For the past quarter-century, I have written about teacher and student access to, and instructional use of, computers in schools. In those articles and books, I have been skeptical of vendors’ and promoters’ claims about how these ever-changing electronic devices will transform teaching and learning.
Amid that skepticism, however, I have noted often that many teachers adopted the latest devices and software not only for home use but also to become more efficient in planning lessons, using the Internet, grading students, communicating with parents and other educators, and dozens of other classroom and non-classroom tasks. Nor have my criticisms of policymakers’ decisions to purchase extensive hardware (far too often without teacher advice) prevented me from identifying (and celebrating) teachers leading classes in computer graphics, animation, and computer science as well as classroom teachers who have imaginatively and creatively integrated new devices and social media seamlessly into their daily lessons.
My allergy, however, to glowing scenarios of a future rich with technology (or dystopias that predict machines triumphing over humans) remains. I can only imagine how painful it must be for those hard-core advocates of more-technology-the-better who predicted the end of schooling years ago to see that public schools are still around. So what might 2020 look like?
For the past two years, I offered predictions (see December 26, 2009 and December 30, 2010 posts) of what I saw around the corner for high-tech in schools.
Predictions about future use of computers are often made by projecting existing trends into the next decade. This tactic embraces a conservative view of the future since it is rooted in the here-and-now. That is what I do.
Others have predicted the disappearance of schools and classrooms–a highly unlikely outcome. Such extreme scenarios leapfrog the present and stretch unreasonably the potential of the new technologies, thereby painting utopian (or dystopian) pictures. So given my allergy to rosy (or grim) scenarios that depend upon huge leaps of imagination, I will stick with current trends–the evidence at hand–acknowledging that they, too, may end up in a pile of debris should major unplanned events occur.
Clear trend lines for U.S. classrooms in the next decade are the continued growth of digital textbooks downloaded on hand-held devices and tablets (smartphones, iPads, eBook variations) and expanded online learning. But not the disappearance of public schools.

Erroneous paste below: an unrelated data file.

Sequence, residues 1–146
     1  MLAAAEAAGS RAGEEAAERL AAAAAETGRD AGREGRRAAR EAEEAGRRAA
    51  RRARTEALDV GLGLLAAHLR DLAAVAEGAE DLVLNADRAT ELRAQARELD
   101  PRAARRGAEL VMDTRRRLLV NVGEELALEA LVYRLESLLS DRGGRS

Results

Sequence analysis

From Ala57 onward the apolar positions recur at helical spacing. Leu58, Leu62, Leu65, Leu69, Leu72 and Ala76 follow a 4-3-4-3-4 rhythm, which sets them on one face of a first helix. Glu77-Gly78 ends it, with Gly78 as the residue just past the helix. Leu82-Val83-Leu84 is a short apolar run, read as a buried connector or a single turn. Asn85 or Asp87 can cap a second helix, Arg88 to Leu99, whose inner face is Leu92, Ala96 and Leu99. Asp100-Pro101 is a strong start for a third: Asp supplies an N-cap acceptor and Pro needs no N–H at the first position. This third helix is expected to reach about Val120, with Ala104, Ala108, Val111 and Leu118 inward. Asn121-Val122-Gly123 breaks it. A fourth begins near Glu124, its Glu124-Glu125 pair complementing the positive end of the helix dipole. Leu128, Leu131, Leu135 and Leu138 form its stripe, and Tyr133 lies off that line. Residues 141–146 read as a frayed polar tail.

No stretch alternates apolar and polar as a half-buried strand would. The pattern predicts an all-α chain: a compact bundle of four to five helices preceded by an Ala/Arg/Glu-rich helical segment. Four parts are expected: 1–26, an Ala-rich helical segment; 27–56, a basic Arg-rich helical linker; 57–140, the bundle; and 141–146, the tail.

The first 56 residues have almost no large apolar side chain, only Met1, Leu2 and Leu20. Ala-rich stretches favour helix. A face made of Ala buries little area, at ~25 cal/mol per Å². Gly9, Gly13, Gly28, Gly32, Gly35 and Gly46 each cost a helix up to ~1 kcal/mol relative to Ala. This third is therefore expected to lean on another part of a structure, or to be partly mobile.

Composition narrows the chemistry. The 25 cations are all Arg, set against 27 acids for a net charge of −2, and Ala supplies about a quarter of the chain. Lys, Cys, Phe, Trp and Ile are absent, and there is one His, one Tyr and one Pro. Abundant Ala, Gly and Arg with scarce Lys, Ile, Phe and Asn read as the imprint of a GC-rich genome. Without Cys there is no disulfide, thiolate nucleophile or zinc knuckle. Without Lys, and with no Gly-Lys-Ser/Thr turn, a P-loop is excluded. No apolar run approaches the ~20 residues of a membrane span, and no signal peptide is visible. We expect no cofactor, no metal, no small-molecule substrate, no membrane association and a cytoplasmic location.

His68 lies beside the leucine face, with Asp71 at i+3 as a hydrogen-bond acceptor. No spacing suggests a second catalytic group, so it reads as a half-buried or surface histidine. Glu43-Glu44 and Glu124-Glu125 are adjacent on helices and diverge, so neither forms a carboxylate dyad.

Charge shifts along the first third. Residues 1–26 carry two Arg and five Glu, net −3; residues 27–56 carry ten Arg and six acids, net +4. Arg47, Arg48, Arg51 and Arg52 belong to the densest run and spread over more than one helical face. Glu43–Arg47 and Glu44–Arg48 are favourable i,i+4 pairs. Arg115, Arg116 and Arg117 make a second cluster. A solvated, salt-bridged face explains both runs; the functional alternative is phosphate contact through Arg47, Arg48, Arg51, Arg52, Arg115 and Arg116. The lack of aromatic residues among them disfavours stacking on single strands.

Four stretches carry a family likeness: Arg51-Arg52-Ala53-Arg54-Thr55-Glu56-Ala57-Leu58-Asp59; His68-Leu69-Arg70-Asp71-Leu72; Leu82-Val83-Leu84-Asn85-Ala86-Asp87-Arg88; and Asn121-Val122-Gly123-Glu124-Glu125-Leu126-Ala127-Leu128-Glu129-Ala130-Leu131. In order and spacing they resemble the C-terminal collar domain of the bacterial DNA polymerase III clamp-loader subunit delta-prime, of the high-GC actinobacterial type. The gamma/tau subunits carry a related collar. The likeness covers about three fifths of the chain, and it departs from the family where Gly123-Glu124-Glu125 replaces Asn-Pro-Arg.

Small and powerful devices in the hands of students will permit the digitizing of texts. Student backpacks will lighten considerably as $100 hardbound books become as obsolete as the rotary dial phone. Homework, text reviews for tests, and all of the teacher-assigned tasks associated with hardbound books will be formatted for small screens. Instead of students’ excuses about leaving texts in lockers, teachers will hear requests to recharge their devices. Note that Korea has already committed itself to digitize all texts.
Proponents talk about how this form of teaching and learning as a powerful innovation that will liberate learning from the confines of brick-and-mortar buildings. Estimates (and predictions) of online learning becoming the dominant form of teaching turn up repeatedly yet somehow, fade. Surely, there will always be students and adults drawn from rural, home schooled, and adult populations that will provide a steady stream of clients for online courses. And even more evident is that many schools, particularly those catering to low-income students, will have blended programs of classrooms with teachers and computer labs with aides where online instruction is tailored to individual students. Much less of blended learning, however, in affluent districts.
Even with this expansion, by 2020, well over 90 percent of public school students will be in places called schools going at least 180 days a year to self-contained classrooms where a teacher will be in charge.
The error that online champions make decade after decade (recall that distance learning goes back to the 1960s) is that they forget that schools have multiple responsibilities beyond literacy. Both parents and voters want schools to socialize students into community values, prepare them for civic responsibilities, and yes, get them ready for college and career. Online courses from for-profit companies and non-profit agencies, while creating imaginative short-cuts to achieve these ends online, overall cannot hack those duties and responsibilities.
So by 2020, uses of technologies will change some aspects of teaching and learning but schools and classrooms will be clearly recognizable to students’ parents and grandparents. Digital textbooks will surprise the older generation but turning in homework, taking quizzes, asking teachers questions will remain familiar. Even with exposes of for-profit cyber-schools, online instruction will continue to expand incrementally, particularly for certain kinds of students but, overall, will still be peripheral to regular K-16 schooling.